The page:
Every year on the anniversary of Kimberly’s death, her mother, Patti, bakes Italian rainbow cookies and places them on the tiny beach she’s created on Kimberly’s gravesite. What must it be like to sit beside your child’s tombstone? What must it feel like to leave her favorite uneaten cookies behind you as you walk away without her?
I hope we all never know how it feels to grieve the loss of a child. You think you could imagine, but Patti will tell you that you can’t.
You’re wondering what caused Kimberly’s death. I’ll get to that, but first, you need to dip your toes into Patti’s shoes. It’s important to understand that any parent could be Patti.
Interestingly, Patti had an acquaintance whose teen passed away not long before Kimberly did. Patti said she was sick over it, that she couldn’t go to work. “But then I realized that I could get up and go on with my day,” she said, “that mom couldn’t escape it.”
All of us who haven’t lost a child can empathize and do so to the point of being sick over it, but you can still get up and go about your day. That’s the difference.
A mother who has gone seven years without her 17-year-old in the physical world can hold back tears, but it doesn’t mean they aren’t there. It’s the little things that cause the most considerable pain—observing a young freckle-faced girl in pigtails holding hands with her mother in the store, seeing photos of Kimberly’s friends all grown up, and even when looking back on her own wedding day.
Kimberly welcomed her soon-to-be stepfather, John, and two new siblings into the family long before it ever became official. Three months before the wedding, Kimberly picked out the perfect wedding dress for Patti. Two days after the young maid of honor chose her mother’s white gown, she fell ill.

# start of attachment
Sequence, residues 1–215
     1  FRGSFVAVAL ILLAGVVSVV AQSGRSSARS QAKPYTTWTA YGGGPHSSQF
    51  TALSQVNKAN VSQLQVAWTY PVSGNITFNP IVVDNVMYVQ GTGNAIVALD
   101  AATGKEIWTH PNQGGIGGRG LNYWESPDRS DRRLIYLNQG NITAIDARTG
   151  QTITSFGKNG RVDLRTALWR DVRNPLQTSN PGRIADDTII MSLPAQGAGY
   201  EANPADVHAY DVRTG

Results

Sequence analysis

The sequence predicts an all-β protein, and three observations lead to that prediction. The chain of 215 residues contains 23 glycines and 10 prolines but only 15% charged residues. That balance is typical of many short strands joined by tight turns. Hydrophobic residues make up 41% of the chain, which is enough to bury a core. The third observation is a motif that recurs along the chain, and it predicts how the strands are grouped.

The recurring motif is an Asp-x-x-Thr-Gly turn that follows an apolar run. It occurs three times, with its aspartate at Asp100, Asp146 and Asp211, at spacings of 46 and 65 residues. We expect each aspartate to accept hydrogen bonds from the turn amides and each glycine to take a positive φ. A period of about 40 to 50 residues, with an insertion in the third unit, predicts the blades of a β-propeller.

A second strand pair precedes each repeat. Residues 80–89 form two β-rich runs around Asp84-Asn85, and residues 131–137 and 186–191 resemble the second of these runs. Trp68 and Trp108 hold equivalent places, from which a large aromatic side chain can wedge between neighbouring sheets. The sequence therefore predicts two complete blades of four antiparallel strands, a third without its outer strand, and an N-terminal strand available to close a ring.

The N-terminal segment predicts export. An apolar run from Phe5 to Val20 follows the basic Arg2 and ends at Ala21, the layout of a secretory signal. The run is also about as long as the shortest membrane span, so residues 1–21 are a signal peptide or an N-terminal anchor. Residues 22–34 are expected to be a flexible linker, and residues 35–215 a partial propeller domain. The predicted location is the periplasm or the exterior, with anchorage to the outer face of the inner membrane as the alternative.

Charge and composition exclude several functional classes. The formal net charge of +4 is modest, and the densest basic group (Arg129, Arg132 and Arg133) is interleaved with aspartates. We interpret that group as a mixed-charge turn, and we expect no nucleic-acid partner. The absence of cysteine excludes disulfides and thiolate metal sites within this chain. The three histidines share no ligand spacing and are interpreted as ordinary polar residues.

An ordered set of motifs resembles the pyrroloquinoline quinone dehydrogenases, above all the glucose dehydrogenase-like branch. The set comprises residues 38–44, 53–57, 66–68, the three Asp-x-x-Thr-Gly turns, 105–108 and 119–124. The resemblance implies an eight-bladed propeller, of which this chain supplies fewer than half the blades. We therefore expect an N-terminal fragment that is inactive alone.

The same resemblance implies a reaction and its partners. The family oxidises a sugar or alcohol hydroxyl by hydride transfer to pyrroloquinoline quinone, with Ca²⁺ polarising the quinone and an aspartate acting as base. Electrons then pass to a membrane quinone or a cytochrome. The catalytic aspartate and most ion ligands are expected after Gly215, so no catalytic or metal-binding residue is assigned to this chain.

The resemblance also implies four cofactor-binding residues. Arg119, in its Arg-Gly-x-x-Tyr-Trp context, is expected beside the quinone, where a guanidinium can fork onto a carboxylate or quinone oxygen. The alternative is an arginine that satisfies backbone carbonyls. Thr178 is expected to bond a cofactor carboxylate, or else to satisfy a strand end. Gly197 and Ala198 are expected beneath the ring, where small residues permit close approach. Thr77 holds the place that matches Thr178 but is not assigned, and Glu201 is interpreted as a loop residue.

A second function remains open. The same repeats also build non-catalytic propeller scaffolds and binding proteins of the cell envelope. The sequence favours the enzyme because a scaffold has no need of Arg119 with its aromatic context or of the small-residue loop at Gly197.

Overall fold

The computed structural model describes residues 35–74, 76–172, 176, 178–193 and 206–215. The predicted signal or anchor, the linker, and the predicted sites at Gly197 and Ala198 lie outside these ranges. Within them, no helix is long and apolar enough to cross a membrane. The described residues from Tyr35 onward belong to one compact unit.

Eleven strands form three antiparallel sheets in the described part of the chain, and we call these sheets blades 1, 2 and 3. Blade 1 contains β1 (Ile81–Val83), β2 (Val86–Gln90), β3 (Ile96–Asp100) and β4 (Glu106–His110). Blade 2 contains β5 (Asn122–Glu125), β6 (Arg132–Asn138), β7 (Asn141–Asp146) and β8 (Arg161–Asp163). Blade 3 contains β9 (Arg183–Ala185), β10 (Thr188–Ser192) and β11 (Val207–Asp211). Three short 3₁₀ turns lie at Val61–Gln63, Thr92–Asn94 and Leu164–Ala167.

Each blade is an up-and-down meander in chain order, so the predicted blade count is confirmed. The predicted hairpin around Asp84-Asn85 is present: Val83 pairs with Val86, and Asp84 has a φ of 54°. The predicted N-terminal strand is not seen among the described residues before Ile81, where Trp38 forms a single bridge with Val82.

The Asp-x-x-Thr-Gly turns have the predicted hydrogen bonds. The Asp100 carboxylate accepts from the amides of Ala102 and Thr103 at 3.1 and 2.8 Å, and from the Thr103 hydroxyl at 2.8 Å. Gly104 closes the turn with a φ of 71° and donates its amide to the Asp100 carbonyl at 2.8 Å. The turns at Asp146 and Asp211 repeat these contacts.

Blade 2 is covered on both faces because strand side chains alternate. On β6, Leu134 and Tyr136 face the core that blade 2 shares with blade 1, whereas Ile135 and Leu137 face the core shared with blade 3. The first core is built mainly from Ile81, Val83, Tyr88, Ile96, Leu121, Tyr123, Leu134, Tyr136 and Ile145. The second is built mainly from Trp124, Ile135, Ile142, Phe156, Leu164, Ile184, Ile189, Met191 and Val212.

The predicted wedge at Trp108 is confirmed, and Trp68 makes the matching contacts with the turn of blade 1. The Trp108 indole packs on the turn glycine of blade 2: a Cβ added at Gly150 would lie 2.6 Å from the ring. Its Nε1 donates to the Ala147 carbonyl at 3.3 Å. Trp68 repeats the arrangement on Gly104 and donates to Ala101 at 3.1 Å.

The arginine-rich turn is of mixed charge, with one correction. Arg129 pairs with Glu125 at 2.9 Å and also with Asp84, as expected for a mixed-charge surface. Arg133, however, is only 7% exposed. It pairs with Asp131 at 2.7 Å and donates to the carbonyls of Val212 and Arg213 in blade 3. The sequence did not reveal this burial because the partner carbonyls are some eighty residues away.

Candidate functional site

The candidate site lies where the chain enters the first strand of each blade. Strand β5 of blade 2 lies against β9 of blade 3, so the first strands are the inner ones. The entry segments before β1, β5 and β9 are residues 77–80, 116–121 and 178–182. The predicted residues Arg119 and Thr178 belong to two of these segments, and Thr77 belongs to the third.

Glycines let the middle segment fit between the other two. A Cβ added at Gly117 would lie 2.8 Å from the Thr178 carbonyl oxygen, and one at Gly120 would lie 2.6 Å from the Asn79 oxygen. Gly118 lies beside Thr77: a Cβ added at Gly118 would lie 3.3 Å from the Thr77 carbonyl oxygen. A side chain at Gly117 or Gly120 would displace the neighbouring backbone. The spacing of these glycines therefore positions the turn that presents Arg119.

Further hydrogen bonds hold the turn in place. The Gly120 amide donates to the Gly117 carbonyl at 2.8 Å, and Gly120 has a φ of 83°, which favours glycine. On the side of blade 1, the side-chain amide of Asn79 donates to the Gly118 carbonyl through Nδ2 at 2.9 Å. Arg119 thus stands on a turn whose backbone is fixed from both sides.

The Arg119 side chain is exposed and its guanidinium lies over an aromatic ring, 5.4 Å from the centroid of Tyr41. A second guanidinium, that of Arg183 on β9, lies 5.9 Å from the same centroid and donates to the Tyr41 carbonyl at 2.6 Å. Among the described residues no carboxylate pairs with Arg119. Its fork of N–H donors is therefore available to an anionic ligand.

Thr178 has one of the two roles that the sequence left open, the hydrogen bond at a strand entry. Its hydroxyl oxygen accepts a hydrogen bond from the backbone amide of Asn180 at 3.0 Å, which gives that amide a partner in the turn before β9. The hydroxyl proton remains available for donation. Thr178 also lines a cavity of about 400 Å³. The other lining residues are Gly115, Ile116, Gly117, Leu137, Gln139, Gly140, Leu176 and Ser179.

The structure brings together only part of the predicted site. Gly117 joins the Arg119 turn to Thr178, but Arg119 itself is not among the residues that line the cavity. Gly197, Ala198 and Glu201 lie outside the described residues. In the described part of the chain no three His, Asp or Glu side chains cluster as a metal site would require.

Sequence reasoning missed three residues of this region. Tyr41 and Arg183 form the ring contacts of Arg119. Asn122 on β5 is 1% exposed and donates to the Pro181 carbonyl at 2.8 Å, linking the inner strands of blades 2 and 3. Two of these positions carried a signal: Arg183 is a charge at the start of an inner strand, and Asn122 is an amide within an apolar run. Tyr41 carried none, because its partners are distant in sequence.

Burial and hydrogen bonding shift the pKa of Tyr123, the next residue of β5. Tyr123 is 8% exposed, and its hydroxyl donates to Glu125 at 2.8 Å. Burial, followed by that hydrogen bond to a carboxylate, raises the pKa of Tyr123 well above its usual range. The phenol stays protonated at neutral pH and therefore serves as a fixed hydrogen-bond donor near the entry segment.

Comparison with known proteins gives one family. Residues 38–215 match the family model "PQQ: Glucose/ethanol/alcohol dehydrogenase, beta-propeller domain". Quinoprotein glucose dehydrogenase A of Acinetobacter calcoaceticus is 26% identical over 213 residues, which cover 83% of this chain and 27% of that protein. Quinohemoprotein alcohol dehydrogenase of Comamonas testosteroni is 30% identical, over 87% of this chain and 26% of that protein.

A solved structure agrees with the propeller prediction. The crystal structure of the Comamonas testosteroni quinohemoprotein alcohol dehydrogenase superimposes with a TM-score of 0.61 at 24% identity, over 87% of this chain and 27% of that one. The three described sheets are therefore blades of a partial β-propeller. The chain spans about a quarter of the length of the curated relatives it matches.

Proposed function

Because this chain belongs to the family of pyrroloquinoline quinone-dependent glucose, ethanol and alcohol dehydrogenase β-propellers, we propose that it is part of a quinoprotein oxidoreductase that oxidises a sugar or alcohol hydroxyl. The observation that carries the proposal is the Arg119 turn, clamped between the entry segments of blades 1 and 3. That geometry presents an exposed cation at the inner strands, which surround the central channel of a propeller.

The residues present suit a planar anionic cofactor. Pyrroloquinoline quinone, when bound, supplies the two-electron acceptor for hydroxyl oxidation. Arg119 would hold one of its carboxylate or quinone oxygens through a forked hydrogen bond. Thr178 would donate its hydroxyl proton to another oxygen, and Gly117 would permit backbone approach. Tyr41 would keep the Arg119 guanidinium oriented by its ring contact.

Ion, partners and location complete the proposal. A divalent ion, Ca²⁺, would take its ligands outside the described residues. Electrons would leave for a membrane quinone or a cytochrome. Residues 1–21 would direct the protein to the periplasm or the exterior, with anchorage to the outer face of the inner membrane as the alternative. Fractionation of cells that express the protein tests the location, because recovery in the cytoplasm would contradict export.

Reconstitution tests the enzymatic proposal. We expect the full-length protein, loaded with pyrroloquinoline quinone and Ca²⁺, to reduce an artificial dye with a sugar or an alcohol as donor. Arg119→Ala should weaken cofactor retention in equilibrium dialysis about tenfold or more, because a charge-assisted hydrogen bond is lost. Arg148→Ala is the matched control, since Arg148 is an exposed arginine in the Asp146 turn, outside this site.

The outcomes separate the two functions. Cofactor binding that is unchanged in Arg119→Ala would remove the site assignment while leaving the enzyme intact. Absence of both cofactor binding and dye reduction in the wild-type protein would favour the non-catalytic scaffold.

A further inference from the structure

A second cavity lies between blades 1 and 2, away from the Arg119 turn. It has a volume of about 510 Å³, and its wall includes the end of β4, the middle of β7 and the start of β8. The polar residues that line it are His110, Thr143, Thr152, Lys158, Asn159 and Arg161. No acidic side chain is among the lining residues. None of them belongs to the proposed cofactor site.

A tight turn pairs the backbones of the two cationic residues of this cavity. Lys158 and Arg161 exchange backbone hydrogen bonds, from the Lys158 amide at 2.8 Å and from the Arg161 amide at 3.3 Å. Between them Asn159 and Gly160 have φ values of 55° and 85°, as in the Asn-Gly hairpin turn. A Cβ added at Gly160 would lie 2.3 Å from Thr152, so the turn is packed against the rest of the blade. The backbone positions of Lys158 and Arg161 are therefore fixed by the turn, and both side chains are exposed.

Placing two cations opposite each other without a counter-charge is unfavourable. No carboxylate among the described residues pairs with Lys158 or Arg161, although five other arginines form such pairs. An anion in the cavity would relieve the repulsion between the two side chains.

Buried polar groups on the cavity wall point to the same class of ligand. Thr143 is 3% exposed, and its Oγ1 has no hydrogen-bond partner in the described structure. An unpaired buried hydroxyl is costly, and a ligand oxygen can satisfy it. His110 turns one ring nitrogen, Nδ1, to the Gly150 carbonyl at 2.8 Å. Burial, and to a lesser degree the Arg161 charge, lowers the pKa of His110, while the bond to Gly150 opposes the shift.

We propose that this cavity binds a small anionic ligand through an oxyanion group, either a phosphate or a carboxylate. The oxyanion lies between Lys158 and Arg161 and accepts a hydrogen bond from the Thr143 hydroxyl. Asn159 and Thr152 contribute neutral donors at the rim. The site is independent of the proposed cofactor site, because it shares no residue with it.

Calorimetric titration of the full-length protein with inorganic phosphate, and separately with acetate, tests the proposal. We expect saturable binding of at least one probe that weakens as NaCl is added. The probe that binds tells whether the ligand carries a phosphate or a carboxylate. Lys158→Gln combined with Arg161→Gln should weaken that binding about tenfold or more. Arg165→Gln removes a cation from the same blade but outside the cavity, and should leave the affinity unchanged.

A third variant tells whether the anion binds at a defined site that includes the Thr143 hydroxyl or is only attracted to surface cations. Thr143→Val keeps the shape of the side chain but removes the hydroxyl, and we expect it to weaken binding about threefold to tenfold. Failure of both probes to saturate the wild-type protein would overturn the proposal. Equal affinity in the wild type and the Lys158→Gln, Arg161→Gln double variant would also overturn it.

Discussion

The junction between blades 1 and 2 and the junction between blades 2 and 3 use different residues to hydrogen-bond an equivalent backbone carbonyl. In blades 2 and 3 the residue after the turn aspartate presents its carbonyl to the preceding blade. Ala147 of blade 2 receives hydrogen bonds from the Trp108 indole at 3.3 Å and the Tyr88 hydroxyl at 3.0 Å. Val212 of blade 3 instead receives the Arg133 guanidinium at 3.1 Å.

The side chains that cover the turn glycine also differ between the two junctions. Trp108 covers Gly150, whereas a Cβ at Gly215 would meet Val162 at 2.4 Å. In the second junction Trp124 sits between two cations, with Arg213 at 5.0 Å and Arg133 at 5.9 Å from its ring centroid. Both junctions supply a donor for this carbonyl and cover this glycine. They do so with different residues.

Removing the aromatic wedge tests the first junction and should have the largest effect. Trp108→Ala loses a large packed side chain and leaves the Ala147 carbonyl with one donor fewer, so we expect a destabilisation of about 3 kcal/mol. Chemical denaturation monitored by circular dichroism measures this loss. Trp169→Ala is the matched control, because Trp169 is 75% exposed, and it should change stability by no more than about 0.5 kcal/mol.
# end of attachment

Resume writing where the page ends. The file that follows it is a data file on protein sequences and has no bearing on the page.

Patti called her pediatrician and his instructions were to give her Motrin and bring her into the office if her flu-like symptoms didn’t improve. Kimberly perked up after the Motrin, but Patti held Kimberly through the night with the hope that Kimberly would wake up as her happy, spunky self.
As the sun rose, Patti noticed that Kimberly could barely move. “My ankles are bleeding,” Kimberly cried.
Although there was no blood in sight, Kimberly was right; she was bleeding on the inside. Petechiae—circular patches on the skin that are a result of internal bleeding—appeared on her ankles and slowly crept up her body. Patti, a seasoned nurse, saw the petechiae and knew Kim needed to get to the hospital immediately.
Patti watched her daughter succumb to the invader.
Kimberly bled within her body; her skin turned black, and the loss of her limbs was near. At the least, Kimberly would be in a wheelchair for the rest of her life. Hopeful, Patti started considering wheelchair-accessible homes, but it wasn’t long before Kimberly was on life support.
On June 19, 2012, Kimberly was buried in the prom dress she never got to dance in.
When I sat down with Patti, she said many times, “everything was going right.”
Kimberly had just enrolled in nursing school, equipped with a car and school parking sticker on the back. She was about to go to prom and graduate. Patti’s son was in basic training and had a bright future, and Patti’s family was merging with her soon-to-be husband’s to become a family of six. This fun-loving, optimistic, and silly teen would have made the perfect maid of honor.